Israel geography – Only the really interesting ‘need to know’ stuff about the geography of Israel to make your trip even more unforgettable.
Most people don’t know about the geography of Israel:
- Israel is only about the size of New Jersey in the States and only 1/10 the size of the U.K.
- The country is only 8630 square miles in total area; 270 miles long and 85 miles wide at the longest and widest points.
- Only 9.3 miles wide at its narrowest point from Netanya to the West Bank town of Tukarim.
- Essentially you could traverse the entire country North to South in less than 10 hours by car and cross its narrowest point on foot in less than two hours.
- Israel straddles the Asian and African continents, but is considered to be in Western Asia.
Israel Geography – Regions
Coastal Plain region- stretches from the Lebanese border in the north to Gaza (Aza in Hebrew) to the south, runs parallel to the Mediterranean Sea and is composed of a sandy shoreline, bordered by stretches of fertile farmland extending up to 40 km. (25 miles) inland. More than half of the countries roughly 8 million residents live in this area and it includes the countries major urban centers like Tel Aviv, as well as, a large portion of industry and agriculture. Zichron Yaakov sits almost in the center of this region at the northern edge of the Sharon (commonly referred to as the Merkaz) and at the southern edge of the Carmel Beach region (Hof Hacarmel in Hebrew).
Central Hills region – inland (east) of the coastal plain. Mountain ranges dominate this area that run the length of the country. The mountain ranges of the Upper and Lower Galilee in the North reaching a maximum height of 3963 feet at Mount Meron near Safed down to the Judean Hills south of Jerusalem and the West Bank. You will find this area quite lush with vegetation nearly year round.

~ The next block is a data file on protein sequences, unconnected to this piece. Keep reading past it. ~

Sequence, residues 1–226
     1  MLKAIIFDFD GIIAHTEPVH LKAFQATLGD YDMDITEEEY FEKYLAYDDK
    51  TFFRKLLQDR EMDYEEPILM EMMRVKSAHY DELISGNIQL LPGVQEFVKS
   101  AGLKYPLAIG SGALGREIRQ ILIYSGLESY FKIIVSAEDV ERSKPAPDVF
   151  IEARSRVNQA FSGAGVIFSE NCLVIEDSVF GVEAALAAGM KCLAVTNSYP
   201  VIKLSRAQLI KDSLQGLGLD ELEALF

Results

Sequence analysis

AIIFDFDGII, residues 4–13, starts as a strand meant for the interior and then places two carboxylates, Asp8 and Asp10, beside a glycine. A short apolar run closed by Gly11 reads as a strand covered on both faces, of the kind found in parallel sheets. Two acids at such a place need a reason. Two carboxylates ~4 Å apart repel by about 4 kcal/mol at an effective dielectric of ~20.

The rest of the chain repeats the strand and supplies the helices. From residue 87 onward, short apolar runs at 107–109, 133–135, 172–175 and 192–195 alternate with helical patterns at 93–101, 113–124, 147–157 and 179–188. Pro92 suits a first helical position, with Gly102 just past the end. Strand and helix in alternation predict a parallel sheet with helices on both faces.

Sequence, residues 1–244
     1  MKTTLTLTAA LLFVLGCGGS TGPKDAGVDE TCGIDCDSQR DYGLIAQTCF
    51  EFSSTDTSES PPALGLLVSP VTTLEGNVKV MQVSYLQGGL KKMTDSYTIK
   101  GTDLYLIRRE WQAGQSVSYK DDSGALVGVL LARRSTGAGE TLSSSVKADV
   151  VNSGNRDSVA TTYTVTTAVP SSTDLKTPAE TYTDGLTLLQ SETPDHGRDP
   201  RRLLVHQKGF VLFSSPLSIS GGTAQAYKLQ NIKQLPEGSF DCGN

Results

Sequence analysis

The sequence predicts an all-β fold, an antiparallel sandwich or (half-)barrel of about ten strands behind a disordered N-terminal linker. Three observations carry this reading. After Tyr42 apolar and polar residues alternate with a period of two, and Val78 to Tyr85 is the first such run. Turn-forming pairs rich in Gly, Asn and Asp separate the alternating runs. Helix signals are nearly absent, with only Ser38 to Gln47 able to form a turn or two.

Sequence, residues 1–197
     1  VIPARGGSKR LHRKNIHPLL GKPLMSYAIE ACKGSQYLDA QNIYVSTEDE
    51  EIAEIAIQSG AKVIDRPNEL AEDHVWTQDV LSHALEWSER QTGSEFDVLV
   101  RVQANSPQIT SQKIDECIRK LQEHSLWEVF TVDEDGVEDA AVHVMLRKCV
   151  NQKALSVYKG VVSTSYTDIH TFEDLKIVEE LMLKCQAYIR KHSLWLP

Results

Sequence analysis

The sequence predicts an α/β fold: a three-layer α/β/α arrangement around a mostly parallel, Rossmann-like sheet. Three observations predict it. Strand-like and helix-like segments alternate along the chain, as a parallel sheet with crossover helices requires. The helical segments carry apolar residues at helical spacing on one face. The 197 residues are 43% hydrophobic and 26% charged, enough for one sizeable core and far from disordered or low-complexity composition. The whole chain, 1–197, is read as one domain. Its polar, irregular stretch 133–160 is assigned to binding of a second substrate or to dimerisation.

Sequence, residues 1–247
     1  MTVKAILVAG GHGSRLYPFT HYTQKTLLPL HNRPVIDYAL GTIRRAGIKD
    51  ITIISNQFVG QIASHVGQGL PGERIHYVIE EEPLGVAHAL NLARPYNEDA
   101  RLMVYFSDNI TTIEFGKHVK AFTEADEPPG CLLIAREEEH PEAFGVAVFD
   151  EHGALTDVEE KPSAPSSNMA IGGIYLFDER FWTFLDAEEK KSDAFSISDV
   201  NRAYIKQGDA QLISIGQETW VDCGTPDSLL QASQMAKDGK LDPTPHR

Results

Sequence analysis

Jordan Rift Valley region – inland (east) of the Central Hills. The Jordan Valley is dominated by the Jordan River which runs a total of 322 km. (200 miles) from the Mount Hermon in the North, down through the Hula Basin through the Sea of Galilee, then continues its course from the southern end of Sea of Galilee to the lowest place on Earth the Dead Sea. South of the Dead Sea, the Rift Valley continues into the Arava River (Nahal HaArava in Hebrew) all the way to the Gulf of Eilat.
Negev region – This desert region in the southern part of the country comprises about half of Israel’s land area but is sparsely populated. The region is bordered by the town of Beersheba in the North all the way to Eilat in the South. The topography parallels that of the rest of the country with lowlands in the West, mountainous region in the center, and a valley in the East. The southeastern region of the desert is the most arid with less than 50 milimeters of rainfall annually. At the southern tip of the Negev are the Eilat Mountains with colorful layers of sandstone.